This has happened to you before. I'm painstakingly typing a long email on gmail and I'm not sure that I should send it yet, cause it feels like I'm forgetting to mention something. So I want to save it as a draft so I can finish it later. Somehow I hit
Discard instead. Gmail flashes the notice your message has been discarded, but I don't usually read those messages, so I navigate away from the page, and *just* as I click the link the meaning of the message dawns on me. Shit. Now it's too late to undo the action. Son of a.
Okay, relax, perhaps all is not lost. A couple of weeks ago I went over how you can find stuff on disk by searching the raw data. The same *can* be done with memory. See, just because my message is gone and gmail doesn't display it anymore doesn't mean it's not still possibly somewhere in memory. It just isn't being displayed anywhere.
There are two ways to access physical memory. The two interfaces are
root, you can read from these. (However, if you try writing to them you'll probably mess up your system.) They are not identical, and it seems that
/dev/mem doesn't let me access memory above 896MB (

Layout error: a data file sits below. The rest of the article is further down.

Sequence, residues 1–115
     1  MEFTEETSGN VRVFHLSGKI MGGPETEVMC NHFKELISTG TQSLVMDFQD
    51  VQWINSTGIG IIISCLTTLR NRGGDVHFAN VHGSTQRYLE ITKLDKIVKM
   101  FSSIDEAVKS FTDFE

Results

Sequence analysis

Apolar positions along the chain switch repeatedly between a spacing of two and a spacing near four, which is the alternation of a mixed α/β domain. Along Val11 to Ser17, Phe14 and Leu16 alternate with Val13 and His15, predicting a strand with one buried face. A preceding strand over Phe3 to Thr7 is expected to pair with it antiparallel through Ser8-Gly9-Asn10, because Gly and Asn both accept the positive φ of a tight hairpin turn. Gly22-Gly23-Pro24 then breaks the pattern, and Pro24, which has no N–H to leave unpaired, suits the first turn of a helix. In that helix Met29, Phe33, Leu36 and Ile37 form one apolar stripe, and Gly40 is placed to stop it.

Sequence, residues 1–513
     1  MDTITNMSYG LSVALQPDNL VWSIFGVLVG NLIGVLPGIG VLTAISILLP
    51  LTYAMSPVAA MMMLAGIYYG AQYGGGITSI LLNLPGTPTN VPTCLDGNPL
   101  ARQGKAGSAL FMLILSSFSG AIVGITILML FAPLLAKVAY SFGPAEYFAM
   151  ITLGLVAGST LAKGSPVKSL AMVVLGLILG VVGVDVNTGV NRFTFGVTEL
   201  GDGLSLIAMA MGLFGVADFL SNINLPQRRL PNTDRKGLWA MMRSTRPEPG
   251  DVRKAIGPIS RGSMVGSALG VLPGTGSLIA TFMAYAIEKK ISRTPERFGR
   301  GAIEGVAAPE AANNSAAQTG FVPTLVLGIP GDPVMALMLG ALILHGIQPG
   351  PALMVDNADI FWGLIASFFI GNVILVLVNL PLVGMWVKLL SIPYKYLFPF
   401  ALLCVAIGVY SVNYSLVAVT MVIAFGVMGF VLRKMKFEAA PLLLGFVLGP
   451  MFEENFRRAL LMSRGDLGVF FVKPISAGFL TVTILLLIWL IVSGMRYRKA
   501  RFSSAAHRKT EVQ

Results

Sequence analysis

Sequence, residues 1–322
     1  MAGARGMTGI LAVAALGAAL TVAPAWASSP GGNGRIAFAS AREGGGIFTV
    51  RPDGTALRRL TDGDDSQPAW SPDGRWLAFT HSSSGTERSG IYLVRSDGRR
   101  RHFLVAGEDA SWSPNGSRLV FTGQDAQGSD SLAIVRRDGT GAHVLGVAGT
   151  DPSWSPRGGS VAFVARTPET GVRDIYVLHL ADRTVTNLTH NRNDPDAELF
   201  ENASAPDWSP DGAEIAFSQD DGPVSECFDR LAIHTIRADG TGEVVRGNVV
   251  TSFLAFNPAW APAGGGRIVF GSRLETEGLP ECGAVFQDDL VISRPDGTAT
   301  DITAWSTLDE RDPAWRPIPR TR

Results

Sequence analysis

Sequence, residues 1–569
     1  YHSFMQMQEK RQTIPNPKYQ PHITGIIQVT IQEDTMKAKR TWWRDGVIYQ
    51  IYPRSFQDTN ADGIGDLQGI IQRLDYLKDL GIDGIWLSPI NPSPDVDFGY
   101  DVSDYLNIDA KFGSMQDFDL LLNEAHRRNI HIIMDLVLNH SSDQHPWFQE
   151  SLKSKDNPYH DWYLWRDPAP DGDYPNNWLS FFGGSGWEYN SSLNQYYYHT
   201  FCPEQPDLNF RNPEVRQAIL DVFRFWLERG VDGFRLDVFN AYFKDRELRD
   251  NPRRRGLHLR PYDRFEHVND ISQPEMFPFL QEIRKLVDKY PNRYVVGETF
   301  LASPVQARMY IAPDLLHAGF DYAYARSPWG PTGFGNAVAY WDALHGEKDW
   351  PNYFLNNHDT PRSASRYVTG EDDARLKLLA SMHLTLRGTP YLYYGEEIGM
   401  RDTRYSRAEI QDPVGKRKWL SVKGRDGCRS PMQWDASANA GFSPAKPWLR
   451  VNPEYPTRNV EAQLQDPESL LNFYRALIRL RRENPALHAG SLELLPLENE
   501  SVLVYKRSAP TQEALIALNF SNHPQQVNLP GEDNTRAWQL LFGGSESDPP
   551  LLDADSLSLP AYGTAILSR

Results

High Memory Support in linux kernel parlance), so just use
To find that lost message in raw memory, it helps if you can remember a phrase from it. Then do
cat /proc/kcore | grep -a --color -C1 "a phrase from it"
This will search the memory treating it like text, and highlight the phrase when it's found. It also prints "one line" above and below the line where the text was found (although considering this is binary data, the notion of "a line" is somewhat diffuse). Anyway, you probably now have enough context to get your whole message. If not, increase it to
-C2 and so on.
This way I was able to recover my message.
In principle, you can also recover lost files this way, provided they are still in memory, but searching for binary data within binary data is a bit trickier, so it would take a clever approach.